For a long period of time Turkey managed to obtain loans from countries which were against their independency during their fight for freedom. In 1939 Turkey obtained as loan for 10 years the amount of 150 millions marks from Germany and also from France they received materials and war tools that valued around 14 tones of gold and 533 millions francs.
After all that happened, the government had to apply a nationalizing politic. Eventually, they had to concentrate upon establishing a national well-balanced budged within the mixed economic system and also there were taken strict measures to prevent the inflation. They tried to reduce the foreign trade deficit. Despite the resistance policy against the foreign capital, the Turkish government had to accept the loans provided that the state’s independence won’t be threatened.
Being aware of the geostrategical position of Turkey, Ataturk said that “in politics, we strive for maintaining the order, internal security, collaboration and for keeping the external agreements.  Regarding the state’s security, he said: “first of all we trust our own forces, and then we rely upon our alliances. Our geographic position makes un believe that we’ll play an important role in Europe and in the Near East. This role is put aside by every foreign ideological suggestions; yet, away from us the desire to fight against these ideas, we’re only looking for our peace.”  As he was a skilful politician, Ataturk foresaw the conflict that was to come: “A world conflict will break out very soon. Adventurers like Hitler and Mussolini will drown the world in blood. The balance of the forces will turn round. Turkey must commit no mistake during this conflict.”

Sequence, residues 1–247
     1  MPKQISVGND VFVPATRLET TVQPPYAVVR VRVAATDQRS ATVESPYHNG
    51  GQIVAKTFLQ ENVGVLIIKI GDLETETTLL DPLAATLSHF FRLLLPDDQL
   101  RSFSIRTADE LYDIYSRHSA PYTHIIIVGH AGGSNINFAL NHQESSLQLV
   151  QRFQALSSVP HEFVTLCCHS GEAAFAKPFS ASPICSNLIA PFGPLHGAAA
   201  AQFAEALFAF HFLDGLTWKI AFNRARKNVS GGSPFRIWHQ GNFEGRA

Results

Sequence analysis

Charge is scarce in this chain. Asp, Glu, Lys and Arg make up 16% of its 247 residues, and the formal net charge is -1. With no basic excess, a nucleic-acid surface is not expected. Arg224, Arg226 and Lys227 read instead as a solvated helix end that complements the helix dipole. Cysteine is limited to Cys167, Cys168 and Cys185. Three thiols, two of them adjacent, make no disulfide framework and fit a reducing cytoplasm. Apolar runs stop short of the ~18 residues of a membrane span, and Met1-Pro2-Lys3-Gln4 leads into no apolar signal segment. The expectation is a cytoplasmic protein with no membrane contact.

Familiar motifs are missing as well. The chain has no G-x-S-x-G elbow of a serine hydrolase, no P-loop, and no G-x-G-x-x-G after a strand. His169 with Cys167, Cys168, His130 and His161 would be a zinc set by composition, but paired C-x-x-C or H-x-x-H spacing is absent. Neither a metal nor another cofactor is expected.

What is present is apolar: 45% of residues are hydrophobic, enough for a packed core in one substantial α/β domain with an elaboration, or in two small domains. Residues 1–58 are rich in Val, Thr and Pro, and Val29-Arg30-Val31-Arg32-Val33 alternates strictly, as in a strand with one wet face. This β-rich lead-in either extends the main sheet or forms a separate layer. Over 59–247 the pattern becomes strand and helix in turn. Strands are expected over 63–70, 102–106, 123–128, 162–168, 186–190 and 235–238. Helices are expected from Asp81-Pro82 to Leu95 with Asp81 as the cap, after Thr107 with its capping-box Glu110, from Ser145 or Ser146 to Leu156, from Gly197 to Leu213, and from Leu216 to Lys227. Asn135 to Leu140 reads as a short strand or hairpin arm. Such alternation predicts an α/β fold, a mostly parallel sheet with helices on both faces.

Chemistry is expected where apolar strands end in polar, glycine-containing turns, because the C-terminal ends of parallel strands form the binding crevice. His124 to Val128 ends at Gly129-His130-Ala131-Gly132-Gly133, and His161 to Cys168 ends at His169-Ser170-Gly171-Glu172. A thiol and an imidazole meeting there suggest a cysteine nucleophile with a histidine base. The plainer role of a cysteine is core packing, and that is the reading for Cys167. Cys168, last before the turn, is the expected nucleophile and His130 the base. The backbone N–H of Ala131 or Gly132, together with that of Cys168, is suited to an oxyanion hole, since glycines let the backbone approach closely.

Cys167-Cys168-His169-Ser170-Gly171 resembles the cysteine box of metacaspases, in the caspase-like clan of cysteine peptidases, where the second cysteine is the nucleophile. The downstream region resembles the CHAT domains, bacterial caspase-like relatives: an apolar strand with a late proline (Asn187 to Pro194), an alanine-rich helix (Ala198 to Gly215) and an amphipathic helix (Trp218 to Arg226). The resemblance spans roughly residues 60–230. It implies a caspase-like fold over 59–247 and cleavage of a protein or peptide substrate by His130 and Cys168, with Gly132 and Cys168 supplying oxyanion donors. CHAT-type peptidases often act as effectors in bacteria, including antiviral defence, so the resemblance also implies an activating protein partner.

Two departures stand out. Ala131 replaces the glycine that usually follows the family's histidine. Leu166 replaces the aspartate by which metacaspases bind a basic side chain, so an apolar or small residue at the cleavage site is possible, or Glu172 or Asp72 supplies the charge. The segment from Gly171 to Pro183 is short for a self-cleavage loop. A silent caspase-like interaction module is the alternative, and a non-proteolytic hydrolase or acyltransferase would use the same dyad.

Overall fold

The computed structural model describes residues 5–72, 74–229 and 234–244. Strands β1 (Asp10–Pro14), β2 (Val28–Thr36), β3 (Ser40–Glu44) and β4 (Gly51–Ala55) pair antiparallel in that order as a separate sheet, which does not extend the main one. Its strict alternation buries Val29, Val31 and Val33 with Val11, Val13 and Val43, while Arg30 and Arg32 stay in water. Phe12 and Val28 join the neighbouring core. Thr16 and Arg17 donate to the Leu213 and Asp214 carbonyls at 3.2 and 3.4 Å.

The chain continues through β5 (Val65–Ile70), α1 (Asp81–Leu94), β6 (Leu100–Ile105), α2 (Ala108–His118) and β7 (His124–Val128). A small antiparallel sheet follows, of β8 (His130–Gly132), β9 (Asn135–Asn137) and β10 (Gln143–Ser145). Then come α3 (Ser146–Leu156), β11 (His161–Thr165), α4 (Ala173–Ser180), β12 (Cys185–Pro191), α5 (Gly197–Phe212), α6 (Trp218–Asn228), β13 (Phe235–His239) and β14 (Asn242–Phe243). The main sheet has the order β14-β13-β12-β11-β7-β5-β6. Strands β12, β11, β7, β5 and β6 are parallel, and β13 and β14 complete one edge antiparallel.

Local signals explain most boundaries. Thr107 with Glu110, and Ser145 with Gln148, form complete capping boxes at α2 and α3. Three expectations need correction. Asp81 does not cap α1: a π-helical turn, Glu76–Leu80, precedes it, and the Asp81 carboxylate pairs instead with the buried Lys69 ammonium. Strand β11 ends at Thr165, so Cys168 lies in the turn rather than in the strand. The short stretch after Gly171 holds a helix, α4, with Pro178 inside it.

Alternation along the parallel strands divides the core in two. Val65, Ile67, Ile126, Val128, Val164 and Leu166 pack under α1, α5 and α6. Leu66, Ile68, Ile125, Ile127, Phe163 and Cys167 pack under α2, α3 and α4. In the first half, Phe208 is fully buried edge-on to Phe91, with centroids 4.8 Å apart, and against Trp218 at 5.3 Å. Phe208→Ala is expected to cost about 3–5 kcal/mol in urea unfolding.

2. The death of the “Turkey’s father”. Turkish perspectives over the Balkan Alliance
The disappearance of the Turkish leader marked an important step for the development of the Turkish foreign relationships. The official leaders of that time worried about the changes of Turkey’s external policy that occurred due to the new president of the republic.
The new president had to be elected from among the closest followers of Ataturk. The prime-minister Celal Bayar nominated Marshal Fevzi Cakmak for the state’s commander position. Cakmak was also sustained by Kilic Ali, Recep Peker and Sukru Haya. But the marshal refused to give up the army. During the National Meeting on the 11th of November 1938 Ismet Inonu, one of the Ataturk’s collaborators, is elected with full votes as the 2nd president of Turkey. Ismet Inonu charged Celal Bayar to establish the new government constitution which suffered only two changes: Sukru Saracioglu replaced T.R. Aras and Sukru Kaya replaced Refik Saydam. The sentimental dimension of this situation was deep enough, as many leaders wanted to change the capital’s name from Ankara to Ataturk.